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Facial Skin Blisters

by
author image Jean Jenkins
Jean Jenkins has been writing professionally since 1994. She has written medical research materials for the American Parkinson's Association, the Colorado Neurological Institute and the Autism Society of America. Jenkins has specialized in neurology, labor and delivery, high-risk obstetrics and autism spectrum disorders. She holds a Bachelor of Science in nursing from the University of Colorado.
Facial Skin Blisters
Man with blisters on his face Photo Credit Adam88xx/iStock/Getty Images

Facial skin blisters may be caused by a variety of different conditions and organisms. They can occur at any age in healthy people, but the majority of facial blisters happen to people that have chronic health problems, especially those that involve poorly functioning immune systems. They can be painful or not, filled with fluid, bacteria or blood, and tend to have a thin outer layer that bursts very easily. It's important to determine the cause of the blisters and learn from your healthcare provider how to treat them properly.

Identification

Blisters, or bullas, are easy to identify. They are a localized swelling of the skin that contains a watery fluid or serum, caused by chafing or irritation, an infection or burning. They typically have light to dark red skin around them. Most people experience blisters at one time or another, and may associate them with the feet, when shoes rub the skin and cause an irritation. Blisters on the skin of the face are typically caused by viral or bacterial infections and can be embarrassing.

Herpes Simplex

According to Dermnetnz.org, herpes simplex, or HSV, is the most common viral infection causing facial blistering. Herpes simplex type 1 is the virus that causes "cold sores" or "fever blisters." Most people have carried this virus at one time or another, probably in early childhood. The first time the virus invades, it causes fever, malaise, red, swollen gums and lesions or blisters inside the mouth. It then remains latent in the nerves that supply feeling in your skin. If your immunity is poor, then the virus can reoccur, traveling up the nerves and out to the skin, where multiple blisters can form. These blisters are most common on or near the lips but can occur anywhere on the face. They begin with itching and burning, and within hours, small, closely grouped blisters can appear. They heal within seven to 10 days without scarring. Acyclovir is the medicine of choice when treating them.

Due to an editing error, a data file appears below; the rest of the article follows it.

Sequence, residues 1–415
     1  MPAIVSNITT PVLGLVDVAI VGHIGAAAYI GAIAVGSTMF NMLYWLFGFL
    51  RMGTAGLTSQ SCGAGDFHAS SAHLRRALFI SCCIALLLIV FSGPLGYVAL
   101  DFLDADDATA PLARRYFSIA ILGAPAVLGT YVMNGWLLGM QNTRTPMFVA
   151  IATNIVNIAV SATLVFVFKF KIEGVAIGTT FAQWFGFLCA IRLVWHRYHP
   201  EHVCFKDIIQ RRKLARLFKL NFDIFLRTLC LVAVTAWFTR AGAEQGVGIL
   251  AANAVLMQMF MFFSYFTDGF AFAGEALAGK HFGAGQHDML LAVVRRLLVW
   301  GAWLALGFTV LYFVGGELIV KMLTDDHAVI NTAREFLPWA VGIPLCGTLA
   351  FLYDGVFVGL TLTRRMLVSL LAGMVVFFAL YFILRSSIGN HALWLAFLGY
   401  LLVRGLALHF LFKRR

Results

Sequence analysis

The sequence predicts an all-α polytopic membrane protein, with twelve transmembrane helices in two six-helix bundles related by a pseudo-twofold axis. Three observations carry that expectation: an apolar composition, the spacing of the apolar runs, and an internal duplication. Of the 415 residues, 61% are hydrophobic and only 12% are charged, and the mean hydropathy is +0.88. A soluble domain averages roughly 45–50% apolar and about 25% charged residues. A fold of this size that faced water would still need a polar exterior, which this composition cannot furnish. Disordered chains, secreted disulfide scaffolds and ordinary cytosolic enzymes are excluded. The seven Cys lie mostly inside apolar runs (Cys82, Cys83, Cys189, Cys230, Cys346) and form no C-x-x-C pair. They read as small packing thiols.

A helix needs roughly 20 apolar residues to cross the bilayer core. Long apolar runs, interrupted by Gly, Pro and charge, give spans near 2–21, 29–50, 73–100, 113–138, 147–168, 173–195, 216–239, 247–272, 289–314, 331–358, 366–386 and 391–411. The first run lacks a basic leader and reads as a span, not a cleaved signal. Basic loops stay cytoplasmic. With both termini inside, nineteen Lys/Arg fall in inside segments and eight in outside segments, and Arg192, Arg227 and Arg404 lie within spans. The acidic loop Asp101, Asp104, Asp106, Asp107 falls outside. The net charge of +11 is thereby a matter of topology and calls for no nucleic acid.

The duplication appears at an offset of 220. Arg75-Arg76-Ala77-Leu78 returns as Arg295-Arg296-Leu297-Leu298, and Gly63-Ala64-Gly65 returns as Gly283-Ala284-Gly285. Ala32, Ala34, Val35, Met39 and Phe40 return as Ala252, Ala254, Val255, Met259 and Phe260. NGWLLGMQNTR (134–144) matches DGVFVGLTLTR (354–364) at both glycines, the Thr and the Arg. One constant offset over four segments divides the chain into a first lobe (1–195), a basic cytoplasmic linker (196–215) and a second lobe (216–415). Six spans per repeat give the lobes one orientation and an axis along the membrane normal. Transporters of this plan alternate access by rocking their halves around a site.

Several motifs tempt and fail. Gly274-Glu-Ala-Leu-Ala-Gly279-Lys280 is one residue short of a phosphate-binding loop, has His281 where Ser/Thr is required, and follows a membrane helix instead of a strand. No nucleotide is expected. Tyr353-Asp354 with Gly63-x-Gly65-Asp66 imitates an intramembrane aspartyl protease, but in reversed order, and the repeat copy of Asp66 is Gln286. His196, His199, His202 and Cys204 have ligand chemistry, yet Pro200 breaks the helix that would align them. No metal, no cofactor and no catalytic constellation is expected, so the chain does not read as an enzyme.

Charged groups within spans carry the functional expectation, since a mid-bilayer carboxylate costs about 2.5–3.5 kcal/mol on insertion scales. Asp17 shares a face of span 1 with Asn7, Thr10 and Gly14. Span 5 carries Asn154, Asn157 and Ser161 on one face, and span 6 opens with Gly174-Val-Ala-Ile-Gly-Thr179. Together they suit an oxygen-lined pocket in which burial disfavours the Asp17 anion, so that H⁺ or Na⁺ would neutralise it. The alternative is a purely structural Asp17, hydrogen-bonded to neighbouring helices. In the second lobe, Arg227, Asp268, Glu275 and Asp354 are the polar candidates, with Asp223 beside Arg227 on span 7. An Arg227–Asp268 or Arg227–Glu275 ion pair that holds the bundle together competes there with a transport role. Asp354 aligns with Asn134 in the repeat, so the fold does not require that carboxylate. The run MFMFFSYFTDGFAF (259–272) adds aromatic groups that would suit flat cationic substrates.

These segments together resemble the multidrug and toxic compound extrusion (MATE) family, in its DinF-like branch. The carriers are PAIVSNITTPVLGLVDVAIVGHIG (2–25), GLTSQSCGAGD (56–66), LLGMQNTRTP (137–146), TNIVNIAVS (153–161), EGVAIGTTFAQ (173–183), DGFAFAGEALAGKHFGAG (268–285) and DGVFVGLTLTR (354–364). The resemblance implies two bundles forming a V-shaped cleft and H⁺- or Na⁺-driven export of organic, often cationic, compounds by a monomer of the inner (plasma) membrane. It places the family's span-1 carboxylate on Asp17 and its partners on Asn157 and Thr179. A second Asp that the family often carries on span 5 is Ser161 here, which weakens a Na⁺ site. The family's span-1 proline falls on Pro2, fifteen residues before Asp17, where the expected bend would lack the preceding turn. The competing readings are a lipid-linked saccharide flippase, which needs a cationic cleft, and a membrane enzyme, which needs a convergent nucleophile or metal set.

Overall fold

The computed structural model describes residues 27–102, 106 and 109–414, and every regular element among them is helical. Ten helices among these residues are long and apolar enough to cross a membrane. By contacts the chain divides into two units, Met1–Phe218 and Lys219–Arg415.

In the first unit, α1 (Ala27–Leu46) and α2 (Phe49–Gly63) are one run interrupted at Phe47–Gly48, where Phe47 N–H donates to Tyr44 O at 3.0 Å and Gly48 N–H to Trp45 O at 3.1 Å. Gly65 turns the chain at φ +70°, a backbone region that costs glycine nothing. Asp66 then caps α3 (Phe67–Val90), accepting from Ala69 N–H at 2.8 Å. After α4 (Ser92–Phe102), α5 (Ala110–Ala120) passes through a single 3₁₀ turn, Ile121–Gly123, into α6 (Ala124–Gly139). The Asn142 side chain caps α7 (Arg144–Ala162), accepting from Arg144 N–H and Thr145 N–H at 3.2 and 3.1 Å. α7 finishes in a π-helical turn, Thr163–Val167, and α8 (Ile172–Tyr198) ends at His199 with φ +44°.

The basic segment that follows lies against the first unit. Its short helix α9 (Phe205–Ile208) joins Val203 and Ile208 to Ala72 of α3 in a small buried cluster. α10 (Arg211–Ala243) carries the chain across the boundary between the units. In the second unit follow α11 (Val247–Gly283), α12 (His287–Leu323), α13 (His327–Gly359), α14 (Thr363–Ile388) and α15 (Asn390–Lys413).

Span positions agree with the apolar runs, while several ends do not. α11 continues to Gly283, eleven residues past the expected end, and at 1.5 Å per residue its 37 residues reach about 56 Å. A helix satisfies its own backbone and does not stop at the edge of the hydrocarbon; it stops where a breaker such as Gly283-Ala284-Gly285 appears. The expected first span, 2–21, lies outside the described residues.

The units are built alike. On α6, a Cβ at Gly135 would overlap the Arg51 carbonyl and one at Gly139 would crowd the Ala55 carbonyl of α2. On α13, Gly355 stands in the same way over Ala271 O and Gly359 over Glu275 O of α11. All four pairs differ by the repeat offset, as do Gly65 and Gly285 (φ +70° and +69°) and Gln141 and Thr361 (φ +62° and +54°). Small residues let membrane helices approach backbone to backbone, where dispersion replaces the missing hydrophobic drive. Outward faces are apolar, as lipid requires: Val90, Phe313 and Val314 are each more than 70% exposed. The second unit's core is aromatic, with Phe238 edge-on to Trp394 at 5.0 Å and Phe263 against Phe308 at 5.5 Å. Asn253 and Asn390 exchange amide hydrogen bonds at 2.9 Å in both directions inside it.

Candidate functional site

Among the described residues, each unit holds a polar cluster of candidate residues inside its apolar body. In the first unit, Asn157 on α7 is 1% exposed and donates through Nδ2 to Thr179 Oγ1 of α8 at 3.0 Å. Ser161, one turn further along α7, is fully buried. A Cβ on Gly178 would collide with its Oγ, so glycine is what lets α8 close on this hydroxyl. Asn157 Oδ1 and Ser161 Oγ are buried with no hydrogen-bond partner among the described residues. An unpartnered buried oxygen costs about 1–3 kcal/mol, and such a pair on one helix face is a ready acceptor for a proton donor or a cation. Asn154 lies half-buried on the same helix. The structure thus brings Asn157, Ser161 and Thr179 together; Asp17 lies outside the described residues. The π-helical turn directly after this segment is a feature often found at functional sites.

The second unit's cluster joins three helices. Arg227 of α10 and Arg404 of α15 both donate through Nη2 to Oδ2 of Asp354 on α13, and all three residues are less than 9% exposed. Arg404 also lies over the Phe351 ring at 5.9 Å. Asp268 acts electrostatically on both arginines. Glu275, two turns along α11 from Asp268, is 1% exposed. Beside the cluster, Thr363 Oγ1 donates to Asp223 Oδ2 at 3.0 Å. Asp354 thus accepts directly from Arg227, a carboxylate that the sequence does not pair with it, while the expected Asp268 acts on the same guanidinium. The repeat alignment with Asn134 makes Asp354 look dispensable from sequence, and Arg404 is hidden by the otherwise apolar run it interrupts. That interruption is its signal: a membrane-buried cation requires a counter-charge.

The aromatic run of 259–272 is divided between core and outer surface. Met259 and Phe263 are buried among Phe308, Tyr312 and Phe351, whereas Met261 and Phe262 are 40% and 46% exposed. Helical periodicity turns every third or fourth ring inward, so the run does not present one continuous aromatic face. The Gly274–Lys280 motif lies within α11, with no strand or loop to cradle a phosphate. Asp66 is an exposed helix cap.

Herpes Zoster

Another fairly common cause for facial blisters is the herpes zoster or varicella zoster virus, the same virus that causes chickenpox. This virus also affects the nerves leading to the skin and can recur in adults as "shingles." This is a very painful, blistering rash that may include the face, eyes, mouth and ears. Medline Plus reports that shingles can occur at any age, but the risk is higher for people over 60, who had chickenpox before the age of 1, and who have a weakened immune system. Tingling and burning of the skin begins, followed by pain, sometimes severe, red patches and then blisters. The blisters break, forming small ulcers that dry and become crusty. The crust falls off in two to three weeks. Again, Acyclovir is the medicine of choice for treatment.

Impetigo

Impetigo blisters are usually caused by the staphylococcus aureus bacteria. Children often get this, especially if they touch their faces often or are obsessive nose pickers. According to the American Academy of Dermatologists, the bacteria that causes impetigo is present in the nostrils of approximately 20 to 30 percent of the population. Once these blisters on the face form, they are easily ruptured and form shallow erosions with a yellowish brown crust. These blisters are treated with antibiotics.

Warning

Other causes of blistering skin can be attributed to cellulitis, or inflammation of skin cells, allergic reactions, lupus and basal cell carcinoma, or skin cancer. If you develop facial blisters and are unsure of the cause, it is important to see your doctor, who will visualize the blisters and take a thorough medical history. Your skin is a reliable, outward detector that tells you something is wrong internally and prudent patients will seek the advice and treatment of a dermatologist.

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